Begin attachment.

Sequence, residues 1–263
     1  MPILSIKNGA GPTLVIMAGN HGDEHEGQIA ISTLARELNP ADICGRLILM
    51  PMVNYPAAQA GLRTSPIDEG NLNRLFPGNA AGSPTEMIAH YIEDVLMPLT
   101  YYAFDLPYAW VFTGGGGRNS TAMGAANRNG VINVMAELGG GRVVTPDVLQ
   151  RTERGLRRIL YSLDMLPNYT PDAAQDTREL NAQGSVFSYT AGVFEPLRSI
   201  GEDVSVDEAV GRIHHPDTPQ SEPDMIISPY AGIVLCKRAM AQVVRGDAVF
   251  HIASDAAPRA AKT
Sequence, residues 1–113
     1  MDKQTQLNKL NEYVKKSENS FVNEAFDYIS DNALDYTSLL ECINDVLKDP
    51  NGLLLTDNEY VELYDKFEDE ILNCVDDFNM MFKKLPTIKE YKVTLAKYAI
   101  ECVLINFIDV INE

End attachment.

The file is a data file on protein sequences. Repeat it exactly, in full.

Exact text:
Sequence, residues 1–263
     1  MPILSIKNGA GPTLVIMAGN HGDEHEGQIA ISTLARELNP ADICGRLILM
    51  PMVNYPAAQA GLRTSPIDEG NLNRLFPGNA AGSPTEMIAH YIEDVLMPLT
   101  YYAFDLPYAW VFTGGGGRNS TAMGAANRNG VINVMAELGG GRVVTPDVLQ
   151  RTERGLRRIL YSLDMLPNYT PDAAQDTREL NAQGSVFSYT AGVFEPLRSI
   201  GEDVSVDEAV GRIHHPDTPQ SEPDMIISPY AGIVLCKRAM AQVVRGDAVF
   251  HIASDAAPRA AKT
Sequence, residues 1–113
     1  MDKQTQLNKL NEYVKKSENS FVNEAFDYIS DNALDYTSLL ECINDVLKDP
    51  NGLLLTDNEY VELYDKFEDE ILNCVDDFNM MFKKLPTIKE YKVTLAKYAI
   101  ECVLINFIDV INE